Inter-Religious Dialogues Organized by the Ecumenical Patriarchate


Orthodoxy and Judaism

  1. "The Law in the Christian-Orthodox and Jewish Understanding," Lucerne, Switzerland, 16-18.03.1977.

  2. "Tradition and Community in Judaism and the Orthodox Church," Bucharest, Romania, 26-31.10.1979.

  3. "Continuity and Renewal," Athens, Greece, 21-24.03.1993.

  4. "The Encounter of Orthodoxy and Judaism with Modernity," Kibbutz Maaleh Ha Chamisha, Israel, 13-16.12.1998.

  5. "Faithfulness to Our Sources: Our Commitment to Peace and Justice," Thessaloniki, Greece, 27.05.2003.

  6. "Religious Liberty and the Relationship between Freedom and Religion," Jerusalem, Israel, 14-15.03.2007.

  7. "The World in Crisis: Ethical Challenges and Religious Perspectives," Athens, 10-12.11.2009.

  8. "The Spiritual and Physical Environment: Respecting Our World, Respecting One Another," Thessaloniki, 06.2013.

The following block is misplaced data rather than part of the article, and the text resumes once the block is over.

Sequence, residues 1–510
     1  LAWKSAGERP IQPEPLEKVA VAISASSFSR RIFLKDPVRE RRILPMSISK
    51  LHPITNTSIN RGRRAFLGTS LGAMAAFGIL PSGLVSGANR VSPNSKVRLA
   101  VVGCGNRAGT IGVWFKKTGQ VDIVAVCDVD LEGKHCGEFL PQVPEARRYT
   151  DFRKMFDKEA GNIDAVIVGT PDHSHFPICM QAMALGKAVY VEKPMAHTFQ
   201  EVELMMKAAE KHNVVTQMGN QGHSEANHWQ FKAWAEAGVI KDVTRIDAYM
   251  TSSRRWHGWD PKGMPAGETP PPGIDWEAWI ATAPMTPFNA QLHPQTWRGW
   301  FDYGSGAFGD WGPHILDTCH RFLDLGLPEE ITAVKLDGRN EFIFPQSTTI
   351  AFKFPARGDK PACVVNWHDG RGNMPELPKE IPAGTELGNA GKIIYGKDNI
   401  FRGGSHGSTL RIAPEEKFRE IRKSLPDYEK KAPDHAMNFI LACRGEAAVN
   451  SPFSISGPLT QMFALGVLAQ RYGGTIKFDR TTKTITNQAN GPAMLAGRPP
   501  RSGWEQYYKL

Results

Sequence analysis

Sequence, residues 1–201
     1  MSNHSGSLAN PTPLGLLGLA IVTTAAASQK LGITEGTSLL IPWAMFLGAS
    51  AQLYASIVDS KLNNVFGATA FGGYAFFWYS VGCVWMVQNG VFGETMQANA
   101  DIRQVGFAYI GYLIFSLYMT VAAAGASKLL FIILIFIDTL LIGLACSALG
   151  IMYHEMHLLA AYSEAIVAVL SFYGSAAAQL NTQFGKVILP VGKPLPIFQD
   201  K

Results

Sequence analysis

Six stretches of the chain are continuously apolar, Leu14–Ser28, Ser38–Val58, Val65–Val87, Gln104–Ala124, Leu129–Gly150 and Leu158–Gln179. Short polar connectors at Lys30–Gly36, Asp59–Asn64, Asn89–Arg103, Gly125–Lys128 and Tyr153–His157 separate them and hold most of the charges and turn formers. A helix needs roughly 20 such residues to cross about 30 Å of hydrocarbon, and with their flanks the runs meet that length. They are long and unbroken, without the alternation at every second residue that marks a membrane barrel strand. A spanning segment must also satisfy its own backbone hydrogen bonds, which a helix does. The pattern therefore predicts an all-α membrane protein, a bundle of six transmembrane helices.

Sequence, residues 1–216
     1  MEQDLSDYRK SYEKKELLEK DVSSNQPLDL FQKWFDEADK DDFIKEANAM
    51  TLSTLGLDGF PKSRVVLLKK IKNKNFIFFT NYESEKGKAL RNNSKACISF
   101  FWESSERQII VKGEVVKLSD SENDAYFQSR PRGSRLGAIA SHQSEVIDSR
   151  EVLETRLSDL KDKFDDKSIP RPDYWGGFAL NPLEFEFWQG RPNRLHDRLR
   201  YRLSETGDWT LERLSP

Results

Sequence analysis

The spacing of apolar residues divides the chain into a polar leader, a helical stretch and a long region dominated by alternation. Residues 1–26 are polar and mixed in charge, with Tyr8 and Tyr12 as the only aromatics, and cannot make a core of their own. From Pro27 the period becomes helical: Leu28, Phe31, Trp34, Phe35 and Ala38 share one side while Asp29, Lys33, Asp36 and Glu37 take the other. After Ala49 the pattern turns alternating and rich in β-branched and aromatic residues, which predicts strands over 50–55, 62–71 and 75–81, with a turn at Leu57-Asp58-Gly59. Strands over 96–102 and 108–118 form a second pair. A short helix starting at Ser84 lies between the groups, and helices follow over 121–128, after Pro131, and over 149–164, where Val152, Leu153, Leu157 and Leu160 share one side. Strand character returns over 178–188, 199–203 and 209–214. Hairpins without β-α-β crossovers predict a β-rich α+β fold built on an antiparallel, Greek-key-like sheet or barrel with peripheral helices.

Christianity and Islam

  1. "Authority and Religion," Chambesy, Switzerland, 17-19.11.1986.

  2. a) "Model of Historical Co-existence between Muslims and Christians and its Future Prospects,"
    b) "Common Humanitarian Ideals for Muslims and Christians" (Symposium), Amman, Jordan, 21-23.11.1987.

  3. "Peace and Justice," Chambesy, Switzerland, 12-15.12.1988.

  4. "Religious Pluralism," Istanbul, Turkey, 10-14.09.1989.

  5. "Youth and Values of Moderation," Amman, Jordan, 26-28.07.1993.

  6. "Education for Understanding and Co-operation," Athens, Greece, 08-10.09.1994.